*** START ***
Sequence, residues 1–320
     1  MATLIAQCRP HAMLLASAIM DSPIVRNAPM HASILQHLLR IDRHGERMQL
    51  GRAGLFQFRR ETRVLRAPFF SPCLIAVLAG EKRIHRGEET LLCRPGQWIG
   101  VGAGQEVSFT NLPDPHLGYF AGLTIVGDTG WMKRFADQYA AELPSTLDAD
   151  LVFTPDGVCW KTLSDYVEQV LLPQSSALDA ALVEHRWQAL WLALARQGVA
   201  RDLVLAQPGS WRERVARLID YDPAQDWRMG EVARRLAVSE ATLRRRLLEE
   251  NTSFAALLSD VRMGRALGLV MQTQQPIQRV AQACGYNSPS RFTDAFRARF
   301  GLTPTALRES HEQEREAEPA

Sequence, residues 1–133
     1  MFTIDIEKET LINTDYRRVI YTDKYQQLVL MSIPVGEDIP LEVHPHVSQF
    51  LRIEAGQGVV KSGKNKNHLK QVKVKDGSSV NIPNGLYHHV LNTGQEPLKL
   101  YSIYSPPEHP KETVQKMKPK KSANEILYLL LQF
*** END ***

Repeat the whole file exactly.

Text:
Sequence, residues 1–320
     1  MATLIAQCRP HAMLLASAIM DSPIVRNAPM HASILQHLLR IDRHGERMQL
    51  GRAGLFQFRR ETRVLRAPFF SPCLIAVLAG EKRIHRGEET LLCRPGQWIG
   101  VGAGQEVSFT NLPDPHLGYF AGLTIVGDTG WMKRFADQYA AELPSTLDAD
   151  LVFTPDGVCW KTLSDYVEQV LLPQSSALDA ALVEHRWQAL WLALARQGVA
   201  RDLVLAQPGS WRERVARLID YDPAQDWRMG EVARRLAVSE ATLRRRLLEE
   251  NTSFAALLSD VRMGRALGLV MQTQQPIQRV AQACGYNSPS RFTDAFRARF
   301  GLTPTALRES HEQEREAEPA

Sequence, residues 1–133
     1  MFTIDIEKET LINTDYRRVI YTDKYQQLVL MSIPVGEDIP LEVHPHVSQF
    51  LRIEAGQGVV KSGKNKNHLK QVKVKDGSSV NIPNGLYHHV LNTGQEPLKL
   101  YSIYSPPEHP KETVQKMKPK KSANEILYLL LQF